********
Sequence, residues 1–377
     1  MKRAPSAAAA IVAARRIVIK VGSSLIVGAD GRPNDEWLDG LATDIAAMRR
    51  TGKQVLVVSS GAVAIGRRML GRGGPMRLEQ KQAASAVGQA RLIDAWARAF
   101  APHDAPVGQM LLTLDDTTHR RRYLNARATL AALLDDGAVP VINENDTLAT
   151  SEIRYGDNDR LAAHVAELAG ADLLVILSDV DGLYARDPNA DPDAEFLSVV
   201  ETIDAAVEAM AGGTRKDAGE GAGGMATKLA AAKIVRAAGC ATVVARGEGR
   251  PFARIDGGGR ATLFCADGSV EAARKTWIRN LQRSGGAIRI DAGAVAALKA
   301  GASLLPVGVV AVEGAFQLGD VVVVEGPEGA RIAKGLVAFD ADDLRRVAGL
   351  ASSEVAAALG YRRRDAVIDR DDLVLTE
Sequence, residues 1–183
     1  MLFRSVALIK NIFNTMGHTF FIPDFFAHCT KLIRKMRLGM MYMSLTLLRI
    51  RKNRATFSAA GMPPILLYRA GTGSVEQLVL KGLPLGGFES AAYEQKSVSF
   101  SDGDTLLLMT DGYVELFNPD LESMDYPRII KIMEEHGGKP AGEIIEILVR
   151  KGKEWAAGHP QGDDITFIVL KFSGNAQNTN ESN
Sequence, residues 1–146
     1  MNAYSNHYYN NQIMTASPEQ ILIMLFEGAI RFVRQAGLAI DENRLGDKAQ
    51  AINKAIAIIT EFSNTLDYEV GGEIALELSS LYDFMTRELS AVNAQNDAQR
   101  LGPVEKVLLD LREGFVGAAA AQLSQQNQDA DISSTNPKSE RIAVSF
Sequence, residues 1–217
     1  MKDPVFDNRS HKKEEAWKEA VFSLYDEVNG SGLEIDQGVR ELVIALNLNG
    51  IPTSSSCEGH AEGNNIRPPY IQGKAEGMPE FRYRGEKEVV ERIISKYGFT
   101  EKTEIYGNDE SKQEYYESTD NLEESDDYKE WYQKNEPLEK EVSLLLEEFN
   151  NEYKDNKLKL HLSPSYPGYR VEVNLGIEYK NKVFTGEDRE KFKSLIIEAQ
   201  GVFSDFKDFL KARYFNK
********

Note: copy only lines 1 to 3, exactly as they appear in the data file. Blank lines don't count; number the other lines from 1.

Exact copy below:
Sequence, residues 1–377
     1  MKRAPSAAAA IVAARRIVIK VGSSLIVGAD GRPNDEWLDG LATDIAAMRR
    51  TGKQVLVVSS GAVAIGRRML GRGGPMRLEQ KQAASAVGQA RLIDAWARAF